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Chinese Hold Breath for Nobel Literature Prize

Latest Update: The Swedish Academy just announced that Mo Yan won the 2012 Nobel Literature Prize. Upon hearing the news, Mo Yan said he was “overjoyed and scared”.

Hours before the Nobel Prize in Literature reveals on Thursday, October 11, 2012 the Chinese are holding their breath.

This year, Chinese writer Mo Yan and Japanese Haruki Murakami are top candidates for winning the literature prize according to several betting agencies says Global Times [en, zh]. Both authors are familiar to Chinese readers, and the news that they have been shortlisted for the Nobel Prize immediately sparked heated discussion of who is more fit to win the award.

Compared with other contemporary Chinese writers such as Yu Hua and Wang Shuo, Mo Yan is most recognized. Indeed, instead of giving credit to Mo’s literary works, most critics online focus on other aspects of Mo's career, which in their opinion disqualifies him for the Nobel.

Chinese author Mo Yan

Chinese author Mo Yan pictured in Hamburg in 2008. Photo by Johannes Kolfhaus (CC BY-SA 3.0)

Offbeat China outlined Mo’s “sins” posted by netizen 滕_彪on Weibo (the original post was deleted but the translated one is preserved):

He was one of the writers who copied Mao’s Yan’an Talks on Literature and Art by hand [The talk was given by Mao in 1942 which laid out the approval style of art and literature in China, one that has no darkness and showed only the bright side of society.] He once said that there were no restrictions or censorship on novelists in China. At Frankfurt Book Fair, he refused to sit in the same seminar with [dissident Chinese authors] Dai Qing and Bei Ling. When he was asked about opinions on Liu Xiaobo’s 11-year sentence, he said he didn’t know much about it and had nothing to say. He has never said a single word against ‘a China heart’…

“假装在纽约” accuses him of similar “sins” but goes a step further when he points out that the universe of literature should be boundless:

@假装在纽约:文学无国界,一个真正的文学家,他的心中也应该是没有祖国的。他不会在书展上和官员一起退席抗议异议作家的出席,也不会抄写极权领 袖在文艺座谈会上的讲话。因为真正的文学家,在思想上既是引领时代前行的先驱,也代表着一个时代最后的坚守。诺贝尔文学奖应该给这样的人,至于他是不是中 国人,不重要。

@假装在纽约: “A writer who deserves a Nobel Prize should be one without borders – he shouldn’t protest against the presence of dissident writers together with government officials and he shouldn’t copy a dictator’s talks by hand, for a true great writer should not only be the pioneer of his time, but should also hold his ground. As for whether he is a Chinese or not, it is the most important thing.”

Others criticize Mo for not daring to protest literary censorship by ridiculing his pen name, which translates literally to “don’t speak”:


@封新城: If Mo is awarded with the Nobel Prize in Literature, it is mostly because of his pen name.

Yet, those who are more familiar with Mo’s work stepped up efforts to merit Mo’s literary achievement and give Mo their blessings. Famous host from Chinese Central Television Cui Yongyuan’s voice may represent many:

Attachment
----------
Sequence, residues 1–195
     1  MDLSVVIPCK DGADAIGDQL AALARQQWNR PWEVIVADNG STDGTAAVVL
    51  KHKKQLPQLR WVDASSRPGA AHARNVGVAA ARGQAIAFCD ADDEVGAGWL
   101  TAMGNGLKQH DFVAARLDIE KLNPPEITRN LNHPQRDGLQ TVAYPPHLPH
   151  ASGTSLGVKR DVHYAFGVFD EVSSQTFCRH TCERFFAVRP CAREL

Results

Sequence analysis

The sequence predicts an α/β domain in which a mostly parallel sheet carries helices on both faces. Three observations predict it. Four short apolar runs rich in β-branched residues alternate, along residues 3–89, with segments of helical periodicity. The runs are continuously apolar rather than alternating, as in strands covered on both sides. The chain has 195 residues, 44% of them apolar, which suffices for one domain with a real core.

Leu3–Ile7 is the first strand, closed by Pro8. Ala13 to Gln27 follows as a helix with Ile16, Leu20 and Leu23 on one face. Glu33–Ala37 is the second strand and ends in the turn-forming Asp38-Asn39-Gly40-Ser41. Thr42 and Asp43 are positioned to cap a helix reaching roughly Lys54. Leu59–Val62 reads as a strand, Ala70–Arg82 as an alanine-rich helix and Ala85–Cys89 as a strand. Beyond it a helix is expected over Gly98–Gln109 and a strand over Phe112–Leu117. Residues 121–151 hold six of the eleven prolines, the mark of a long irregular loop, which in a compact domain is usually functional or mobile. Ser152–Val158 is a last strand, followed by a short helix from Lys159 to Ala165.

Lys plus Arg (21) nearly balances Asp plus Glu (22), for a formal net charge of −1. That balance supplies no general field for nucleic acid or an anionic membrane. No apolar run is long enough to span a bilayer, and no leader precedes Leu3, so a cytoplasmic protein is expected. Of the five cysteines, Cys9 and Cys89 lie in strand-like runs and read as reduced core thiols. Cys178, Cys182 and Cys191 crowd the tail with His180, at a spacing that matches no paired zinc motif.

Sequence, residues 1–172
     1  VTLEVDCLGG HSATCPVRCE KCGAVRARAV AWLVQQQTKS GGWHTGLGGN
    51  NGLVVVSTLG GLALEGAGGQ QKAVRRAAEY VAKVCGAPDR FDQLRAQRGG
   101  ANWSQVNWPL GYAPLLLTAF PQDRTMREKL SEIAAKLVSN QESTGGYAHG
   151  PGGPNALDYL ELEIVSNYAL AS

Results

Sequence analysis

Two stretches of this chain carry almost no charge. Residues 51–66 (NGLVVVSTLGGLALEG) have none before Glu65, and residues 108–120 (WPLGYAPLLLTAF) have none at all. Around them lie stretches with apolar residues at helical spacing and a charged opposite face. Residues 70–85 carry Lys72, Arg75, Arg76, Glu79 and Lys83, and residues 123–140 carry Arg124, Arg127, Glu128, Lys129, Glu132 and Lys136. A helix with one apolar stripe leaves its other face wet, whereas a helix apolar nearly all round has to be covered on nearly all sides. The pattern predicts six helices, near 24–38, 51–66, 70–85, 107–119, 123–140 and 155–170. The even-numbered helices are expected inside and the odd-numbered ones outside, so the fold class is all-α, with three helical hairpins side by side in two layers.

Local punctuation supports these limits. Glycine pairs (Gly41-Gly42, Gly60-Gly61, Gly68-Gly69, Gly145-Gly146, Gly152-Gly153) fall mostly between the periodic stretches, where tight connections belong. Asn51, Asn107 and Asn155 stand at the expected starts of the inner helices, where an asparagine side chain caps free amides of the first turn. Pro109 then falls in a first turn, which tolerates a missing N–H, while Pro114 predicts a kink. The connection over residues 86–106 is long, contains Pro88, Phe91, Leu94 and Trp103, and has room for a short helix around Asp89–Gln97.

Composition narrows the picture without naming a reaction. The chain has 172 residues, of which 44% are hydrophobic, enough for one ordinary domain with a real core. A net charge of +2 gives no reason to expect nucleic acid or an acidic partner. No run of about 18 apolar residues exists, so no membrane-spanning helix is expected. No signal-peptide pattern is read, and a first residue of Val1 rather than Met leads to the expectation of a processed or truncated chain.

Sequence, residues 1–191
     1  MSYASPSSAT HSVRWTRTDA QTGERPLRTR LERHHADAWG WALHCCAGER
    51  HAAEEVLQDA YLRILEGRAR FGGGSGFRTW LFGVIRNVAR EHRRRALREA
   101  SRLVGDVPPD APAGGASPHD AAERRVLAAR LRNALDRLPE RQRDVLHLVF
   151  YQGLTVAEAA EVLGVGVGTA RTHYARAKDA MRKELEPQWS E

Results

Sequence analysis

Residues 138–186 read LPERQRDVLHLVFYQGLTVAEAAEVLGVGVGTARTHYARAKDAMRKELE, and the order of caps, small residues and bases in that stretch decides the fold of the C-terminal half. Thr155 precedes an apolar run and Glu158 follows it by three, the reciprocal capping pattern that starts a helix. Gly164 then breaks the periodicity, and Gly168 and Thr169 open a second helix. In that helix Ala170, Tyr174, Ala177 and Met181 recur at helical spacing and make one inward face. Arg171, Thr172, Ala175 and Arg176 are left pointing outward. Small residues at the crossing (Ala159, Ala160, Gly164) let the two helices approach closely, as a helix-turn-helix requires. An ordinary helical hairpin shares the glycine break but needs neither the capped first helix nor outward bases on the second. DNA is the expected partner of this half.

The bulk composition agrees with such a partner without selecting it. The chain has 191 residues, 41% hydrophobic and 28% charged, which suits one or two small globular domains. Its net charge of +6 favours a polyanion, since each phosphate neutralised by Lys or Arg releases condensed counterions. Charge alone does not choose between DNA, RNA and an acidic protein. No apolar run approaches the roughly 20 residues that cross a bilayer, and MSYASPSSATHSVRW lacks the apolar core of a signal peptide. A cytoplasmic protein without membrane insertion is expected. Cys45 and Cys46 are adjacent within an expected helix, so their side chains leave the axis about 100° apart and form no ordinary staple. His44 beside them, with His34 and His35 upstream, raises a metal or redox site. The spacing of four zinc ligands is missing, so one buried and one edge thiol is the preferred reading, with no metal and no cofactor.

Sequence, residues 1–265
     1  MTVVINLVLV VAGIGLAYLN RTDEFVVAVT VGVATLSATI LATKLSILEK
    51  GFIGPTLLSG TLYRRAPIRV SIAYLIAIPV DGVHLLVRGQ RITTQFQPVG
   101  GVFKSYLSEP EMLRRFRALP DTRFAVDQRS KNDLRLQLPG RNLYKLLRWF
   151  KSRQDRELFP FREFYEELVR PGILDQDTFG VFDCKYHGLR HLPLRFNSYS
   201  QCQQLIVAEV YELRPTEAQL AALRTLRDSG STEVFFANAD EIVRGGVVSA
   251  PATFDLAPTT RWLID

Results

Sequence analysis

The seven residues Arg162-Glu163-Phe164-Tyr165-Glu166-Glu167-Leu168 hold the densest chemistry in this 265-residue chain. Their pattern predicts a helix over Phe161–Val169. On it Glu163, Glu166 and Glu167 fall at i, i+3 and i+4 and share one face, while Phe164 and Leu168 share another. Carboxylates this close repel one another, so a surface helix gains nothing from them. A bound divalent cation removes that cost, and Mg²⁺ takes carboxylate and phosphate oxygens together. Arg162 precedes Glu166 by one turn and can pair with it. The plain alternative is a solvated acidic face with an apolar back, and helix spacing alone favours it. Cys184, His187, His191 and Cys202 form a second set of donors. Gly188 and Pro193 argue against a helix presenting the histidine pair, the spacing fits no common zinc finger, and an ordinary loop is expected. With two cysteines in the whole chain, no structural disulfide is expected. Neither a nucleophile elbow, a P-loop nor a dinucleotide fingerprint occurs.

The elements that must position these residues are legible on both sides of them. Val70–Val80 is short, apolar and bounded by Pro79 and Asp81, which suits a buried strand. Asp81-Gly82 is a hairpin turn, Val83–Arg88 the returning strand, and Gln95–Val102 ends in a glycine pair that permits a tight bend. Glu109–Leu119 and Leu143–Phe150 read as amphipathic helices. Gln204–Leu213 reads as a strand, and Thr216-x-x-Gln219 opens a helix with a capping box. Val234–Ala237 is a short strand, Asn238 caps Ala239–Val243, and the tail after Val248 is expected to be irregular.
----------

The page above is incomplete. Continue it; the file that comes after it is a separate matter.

@崔永元-实话实说:I hope he wins. He deserves it.

The poet Zhao Lihua argues that the Nobel Prize should get away from the moral high ground and calls for a more tolerant heart :


@赵丽华:Mo Yan's works are full of vitality, multicolor and abandon. They possess breadth, depth, imagination and a cutting edge by reflecting on our history and reality. Bestowing the honor on him is worthy. Copying a dictator’s talks by hand is just a token. It is not necessary to criticize him with a moral high ground.

For many netizens out of the literary field, they think Murakami has better odds partly because his works are more popular among Chinese readers. As @Adelaide是全称 asserted:

@Adelaide是全称: 我真心觉得我们这代读过村上村树的要比读过莫言多。。。

@Adelaide是全称: I really feel that our generation read more of Murakami than Mo Yan.

While for others, Murakami’s courage to challenge the system and to bring the uniqueness of each individual soul to the surface is his charisma. As netizen Li Fanghua commented:


@李芳华: I hope that Murakami could win the prize. Some say that the aesthetic value of literature surpasses politics, and I think there is no better place to find out the answer in Murakami's speech when he accepted the Jerusalem Prize: “Between a high, solid wall and an egg that breaks against it, I will always stand on the side of the egg.”

Nobel Prize in China

For the Chinese, the Nobel Prize is both a dream and a scar. Up to now, the Nobel Prize for Sciences has never been conferred to a Chinese national, and partly due to this, China has long been viewed as a nation lacking of innovation. Last year, the Nobel Peace Prize was given to Liu Xiaobo, who has been sentenced to prison for 11 years on charges of “inciting subversion of state power”. His prize was considered to be “Anti-China”.

In Literature, the only other writer with a connection to China was Gao Xingjian, a French-Chinese dissident writer who left China in 1987 and won the award in 2000. Therefore, Mo Yan, as a typical Chinese author whose work reflects ordinary life in China, has been the only hope for Chinese depend on.

Only few hours before the announcement, we hold our breath for the final results. But many are still suspicious, as the author Feng Tang wrote on his Weibo account:


It is ridiculous when foreigners who don’t understand Chinese gather together and give credit to a Chinese writer through its translated version.

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